A recurring theme in Chris Packham’s series Earth is the timely coincidences that came with planetary events. Having just re-watched the third of the five part series, it is striking how the twin-track development of what later evolved into plants depended on some shared resources with what later became fungi. The proto-fungi extracted minerals from bare rock that nourished evolving plants, while the early plants gave glucose to their fungal partners. Without this quantum step in evolution, we would not exist today.
Town dwellers in Japan have faced a rising tide of attacks from black bears, which are driven by a lack of food to venture into what were previously uncontested spaces. A story in The Guardian puts the number of casualties since April at 158 as well as two lost lives. Unlike the United States, where black bears are a constant risk for human misadventure, there is strong evidence to suggest that the bears are being driven by disruption to their normal food supplies rather than selecting centres of human activity as easy pickings for a quick meal.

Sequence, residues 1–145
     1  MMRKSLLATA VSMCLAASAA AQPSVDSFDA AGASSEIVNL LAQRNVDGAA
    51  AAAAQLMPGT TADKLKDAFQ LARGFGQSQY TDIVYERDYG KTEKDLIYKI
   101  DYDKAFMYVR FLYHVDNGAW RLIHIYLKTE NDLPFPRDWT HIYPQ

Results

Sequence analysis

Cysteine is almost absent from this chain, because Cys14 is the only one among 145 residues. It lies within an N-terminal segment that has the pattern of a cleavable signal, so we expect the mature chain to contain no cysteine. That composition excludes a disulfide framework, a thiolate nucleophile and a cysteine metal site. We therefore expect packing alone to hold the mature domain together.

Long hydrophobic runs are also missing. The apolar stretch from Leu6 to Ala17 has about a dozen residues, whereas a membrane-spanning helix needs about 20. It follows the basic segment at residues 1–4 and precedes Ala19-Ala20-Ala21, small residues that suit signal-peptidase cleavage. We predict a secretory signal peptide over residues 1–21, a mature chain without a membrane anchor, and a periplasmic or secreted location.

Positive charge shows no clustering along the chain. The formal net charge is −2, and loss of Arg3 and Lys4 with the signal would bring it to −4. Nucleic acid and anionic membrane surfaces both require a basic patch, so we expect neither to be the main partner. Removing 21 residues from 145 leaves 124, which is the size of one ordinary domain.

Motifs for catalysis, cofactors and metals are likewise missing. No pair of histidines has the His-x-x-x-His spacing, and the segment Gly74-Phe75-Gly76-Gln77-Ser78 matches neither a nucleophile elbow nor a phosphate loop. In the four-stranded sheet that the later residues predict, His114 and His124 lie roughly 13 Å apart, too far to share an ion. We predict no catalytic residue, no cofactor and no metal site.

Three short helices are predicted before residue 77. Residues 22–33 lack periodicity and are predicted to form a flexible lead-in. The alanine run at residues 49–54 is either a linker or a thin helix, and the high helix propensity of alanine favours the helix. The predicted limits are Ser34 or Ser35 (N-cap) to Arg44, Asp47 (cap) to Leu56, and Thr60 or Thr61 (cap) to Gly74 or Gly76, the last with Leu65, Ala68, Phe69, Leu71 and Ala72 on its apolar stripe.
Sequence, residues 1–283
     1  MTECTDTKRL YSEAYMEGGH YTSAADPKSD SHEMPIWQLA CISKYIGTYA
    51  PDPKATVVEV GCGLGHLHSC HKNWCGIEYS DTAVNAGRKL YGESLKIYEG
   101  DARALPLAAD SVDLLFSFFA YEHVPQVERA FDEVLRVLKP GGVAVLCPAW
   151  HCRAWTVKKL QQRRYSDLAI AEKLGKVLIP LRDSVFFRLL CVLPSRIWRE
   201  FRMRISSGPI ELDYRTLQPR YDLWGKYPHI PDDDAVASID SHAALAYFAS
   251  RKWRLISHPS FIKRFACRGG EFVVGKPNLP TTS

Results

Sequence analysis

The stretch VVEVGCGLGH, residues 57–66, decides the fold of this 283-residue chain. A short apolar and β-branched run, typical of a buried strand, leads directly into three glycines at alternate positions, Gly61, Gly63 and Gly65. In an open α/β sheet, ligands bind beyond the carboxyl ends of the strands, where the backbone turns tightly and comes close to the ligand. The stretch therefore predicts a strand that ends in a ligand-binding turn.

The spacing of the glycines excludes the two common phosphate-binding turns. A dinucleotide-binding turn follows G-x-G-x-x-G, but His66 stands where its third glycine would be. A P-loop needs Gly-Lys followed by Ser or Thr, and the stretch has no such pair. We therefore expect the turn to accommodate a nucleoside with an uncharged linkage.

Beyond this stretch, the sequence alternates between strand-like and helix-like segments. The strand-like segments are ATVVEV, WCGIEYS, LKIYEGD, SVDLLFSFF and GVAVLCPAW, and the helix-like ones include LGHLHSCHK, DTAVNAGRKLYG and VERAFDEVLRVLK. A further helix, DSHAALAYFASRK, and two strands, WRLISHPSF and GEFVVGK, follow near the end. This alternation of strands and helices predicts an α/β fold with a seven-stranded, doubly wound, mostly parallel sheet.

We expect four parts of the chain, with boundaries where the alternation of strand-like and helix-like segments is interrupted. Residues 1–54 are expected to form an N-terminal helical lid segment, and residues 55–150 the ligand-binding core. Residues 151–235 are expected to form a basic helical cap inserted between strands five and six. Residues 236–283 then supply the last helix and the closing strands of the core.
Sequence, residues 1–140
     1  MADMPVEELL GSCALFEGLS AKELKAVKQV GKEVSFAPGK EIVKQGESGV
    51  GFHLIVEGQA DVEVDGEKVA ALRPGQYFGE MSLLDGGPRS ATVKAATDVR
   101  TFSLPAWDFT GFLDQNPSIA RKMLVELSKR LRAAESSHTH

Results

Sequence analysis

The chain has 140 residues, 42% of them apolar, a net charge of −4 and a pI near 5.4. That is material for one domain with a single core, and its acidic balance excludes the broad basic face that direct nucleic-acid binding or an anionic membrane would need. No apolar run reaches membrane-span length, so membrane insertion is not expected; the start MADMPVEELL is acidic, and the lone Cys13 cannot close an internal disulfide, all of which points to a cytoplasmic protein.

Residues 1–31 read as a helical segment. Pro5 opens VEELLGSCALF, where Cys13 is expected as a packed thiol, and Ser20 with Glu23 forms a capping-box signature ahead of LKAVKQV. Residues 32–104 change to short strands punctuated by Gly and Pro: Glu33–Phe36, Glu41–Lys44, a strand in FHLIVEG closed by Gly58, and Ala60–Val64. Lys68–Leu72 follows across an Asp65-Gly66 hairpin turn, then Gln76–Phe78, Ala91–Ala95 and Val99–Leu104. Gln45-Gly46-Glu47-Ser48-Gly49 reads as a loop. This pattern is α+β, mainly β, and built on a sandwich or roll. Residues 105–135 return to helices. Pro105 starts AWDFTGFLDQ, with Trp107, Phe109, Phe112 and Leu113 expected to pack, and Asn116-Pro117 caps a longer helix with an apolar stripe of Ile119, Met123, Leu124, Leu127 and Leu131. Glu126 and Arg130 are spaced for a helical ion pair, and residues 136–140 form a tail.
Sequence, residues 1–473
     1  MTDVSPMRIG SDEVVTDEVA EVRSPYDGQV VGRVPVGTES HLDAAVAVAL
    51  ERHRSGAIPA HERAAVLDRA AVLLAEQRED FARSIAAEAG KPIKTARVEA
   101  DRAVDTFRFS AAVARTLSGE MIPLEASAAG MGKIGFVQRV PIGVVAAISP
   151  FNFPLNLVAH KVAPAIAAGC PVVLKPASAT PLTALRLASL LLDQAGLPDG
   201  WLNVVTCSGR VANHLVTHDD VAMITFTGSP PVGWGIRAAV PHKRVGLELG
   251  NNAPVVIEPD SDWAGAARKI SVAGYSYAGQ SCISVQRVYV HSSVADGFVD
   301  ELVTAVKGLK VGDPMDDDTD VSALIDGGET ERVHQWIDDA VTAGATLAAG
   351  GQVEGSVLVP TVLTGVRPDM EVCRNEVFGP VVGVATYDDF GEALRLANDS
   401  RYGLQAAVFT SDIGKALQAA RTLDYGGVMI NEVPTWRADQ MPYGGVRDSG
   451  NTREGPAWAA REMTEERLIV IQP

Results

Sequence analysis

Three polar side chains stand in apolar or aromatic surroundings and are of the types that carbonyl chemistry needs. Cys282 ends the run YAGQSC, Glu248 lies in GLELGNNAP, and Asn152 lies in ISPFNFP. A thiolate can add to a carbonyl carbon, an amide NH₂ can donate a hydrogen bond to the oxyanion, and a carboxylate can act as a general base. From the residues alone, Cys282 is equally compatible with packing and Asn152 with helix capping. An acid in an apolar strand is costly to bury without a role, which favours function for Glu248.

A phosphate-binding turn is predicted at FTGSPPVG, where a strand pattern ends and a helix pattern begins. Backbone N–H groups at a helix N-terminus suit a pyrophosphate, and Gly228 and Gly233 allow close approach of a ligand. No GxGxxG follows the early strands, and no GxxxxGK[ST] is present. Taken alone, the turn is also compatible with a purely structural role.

Human fatalities arising from attacks by bears have figured in Japanese history for years. The museum reconstruction of the Sankebetsu episode on Hokkaido in the early twentieth century is pictured here. It came about after human incursions into virgin jungle. A conflict of interest with the formerly unchallenged top species was resolved on human terms. The current spate of bear attacks has broken a previous record high recorded in 2020, with many incidents being logged in Honshu, the largest island in Japan.
Unofficial estimates of Japan’s bear population range up at 44,000, nearly three times the 15,000 recorded officially in 2012. Without a corresponding increase in territory and food sources, there is no avoiding a state of constant conflict between species.
Autoclave and retort are two names for pressure cooking vessels used in food manufacturing to sterilise canned food and in later versions by engineering firms to cure rubber tyres. The starting point was known as a steam digester, attributed to French scientist Denis Papin, in 1679.